“You can point fin­gers, and I can tell you what I be­lieve, but it doesn’t do any good right now,” Hoff­man said. “We have to ad­dress the bud­get, we’ll have to go that in a bi­par­ti­san man­ner and I think we’ll do that in a way that puts us long term on the road to hav­ing bud­get san­ity, a fis­cal re­al­ity that’s not spend­ing be­yond our means and do it across party lines be­ing fair across all re­gions across the state.”

He does ex­pect a cap­i­tal bill to ad­dress roads and bridges and add ca­pac­ity to help meet needs and spur eco­nomic growth. Money could also go to schools, Hoff­man said.

“I’m hope­ful that’s go­ing to hap­pen. Get the bud­get un­der con­trol, make tough de­ci­sions where they need to be made, cuts where there have to be cuts, do it in a fair ba­sis and also pro­vide a jobs and in­fra­struc­ture bill,” Hoff­man said.

How­ever, pay­ing for a cap­i­tal bill still would need to be de­ter­mined.


Hoff­man also cited a gam­ing ex­pan­sion, which could be ben­e­fi­cial to Fair­mount Race Track, as well as sports bet­ting and mar­i­juana le­gal­iza­tion.

“You can save money by re­struc­tur­ing some of the debt the state has, and treat the bonds and debt the way busi­nesses would when you can fa­vor­ably fi­nance, and I think that should hap­pen,” Hoff­man said.

State Sen. Paul Schimpf, R-Wa­ter­loo, said he ex­pected a tax in­crease to come down the pike.

“The era of di­vided govern­ment is cer­tainly over at this point,” Schimpf said. “The Democrats do con­trol all branches of govern­ment. I would ex­pect them to fol­low through what gover­nor elect Pritzker promised dur­ing the cam­paign, which was an ex­pan­sion of govern­ment, an ex­pan­sion of spend­ing. Now I hope that they will seek to work with the Repub­li­cans, and take our in­put a lit­tle bit. I think the peo­ple of Illi­nois, they don’t want par­ti­san­ship. They want us to come to­gether to find so­lu­tions.”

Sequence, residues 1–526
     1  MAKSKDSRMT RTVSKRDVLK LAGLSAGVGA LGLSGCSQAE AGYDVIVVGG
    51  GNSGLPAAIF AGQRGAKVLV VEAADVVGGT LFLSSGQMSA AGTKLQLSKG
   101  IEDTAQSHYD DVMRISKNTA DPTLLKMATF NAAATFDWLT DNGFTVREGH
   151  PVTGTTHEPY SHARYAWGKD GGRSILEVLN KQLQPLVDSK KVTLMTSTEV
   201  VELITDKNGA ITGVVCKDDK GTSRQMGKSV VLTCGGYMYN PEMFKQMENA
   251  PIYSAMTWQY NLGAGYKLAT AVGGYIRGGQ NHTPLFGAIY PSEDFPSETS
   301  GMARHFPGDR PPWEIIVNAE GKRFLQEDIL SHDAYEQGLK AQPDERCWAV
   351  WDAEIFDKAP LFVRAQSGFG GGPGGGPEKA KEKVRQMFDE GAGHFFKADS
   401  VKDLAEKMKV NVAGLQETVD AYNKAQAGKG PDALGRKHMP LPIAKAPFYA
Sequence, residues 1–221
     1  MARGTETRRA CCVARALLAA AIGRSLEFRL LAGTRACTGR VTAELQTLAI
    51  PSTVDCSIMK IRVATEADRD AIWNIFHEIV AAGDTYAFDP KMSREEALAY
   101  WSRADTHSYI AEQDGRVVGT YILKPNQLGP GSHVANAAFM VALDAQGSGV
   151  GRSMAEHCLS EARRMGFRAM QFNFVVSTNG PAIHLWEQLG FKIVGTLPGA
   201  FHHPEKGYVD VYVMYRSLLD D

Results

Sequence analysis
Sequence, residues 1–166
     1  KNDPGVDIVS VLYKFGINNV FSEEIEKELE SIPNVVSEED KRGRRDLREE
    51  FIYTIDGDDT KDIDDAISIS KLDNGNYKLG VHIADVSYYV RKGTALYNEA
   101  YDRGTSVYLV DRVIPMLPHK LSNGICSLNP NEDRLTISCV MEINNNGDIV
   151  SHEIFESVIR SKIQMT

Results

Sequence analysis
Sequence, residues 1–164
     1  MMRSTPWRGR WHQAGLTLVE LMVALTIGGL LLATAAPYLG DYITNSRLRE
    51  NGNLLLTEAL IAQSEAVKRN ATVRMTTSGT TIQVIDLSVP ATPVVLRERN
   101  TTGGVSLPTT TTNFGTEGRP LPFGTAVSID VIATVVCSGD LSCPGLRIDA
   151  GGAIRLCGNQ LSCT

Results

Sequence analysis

“I don’t know how we in­crease spend­ing by $10 bil­lion with­out rais­ing taxes. I like to re­duce state spend­ing, but that doesn’t seem to be the po­si­tion of gover­nor elect Pritzker,” Schimpf added.

Pritzker’s tran­si­tion ef­forts and tran­si­tion com­mit­tee in­cludes for­mer Re­pub­li­can gover­nor

Jim Edgar and Re­pub­li­can leg­isla­tive leader Chris­tine Radogno, ad­di­tions that make state Rep. Char­lier Meier, R-Okawville, happy.

“I don’t want taxes to go up, I want to go on to keep work­ing to bring busi­ness in. J.B. has been in busi­ness his whole life, hope­fully we could keep bring­ing busi­ness in,” Meier said.

Meier said he hopes to have a work­ing re­la­tion­ship with gover­nor’s of­fice.

“We want to keep jobs grow­ing and we have to keep mov­ing for­ward on that,” Meier said.


How­ever, with the Demo­cratic su­per-ma­jori­ties in place, as well as a Demo­cratic gover­nor, it might mean an­other thing may be in play: sta­bil­ity.

“My hope is we can ac­com­plish sta­bil­ity in govern­ment and to make sure the most needy among our state are in fact funded with a re­li­able stream of govern­ment re­sources,” said state Rep. Jerry Costello II, D-Smithon. “Ob­vi­ously se­niors as well as schools, ed­u­ca­tion. I think what the state has been some­what lack­ing over last four years is a sense of sta­bil­ity.”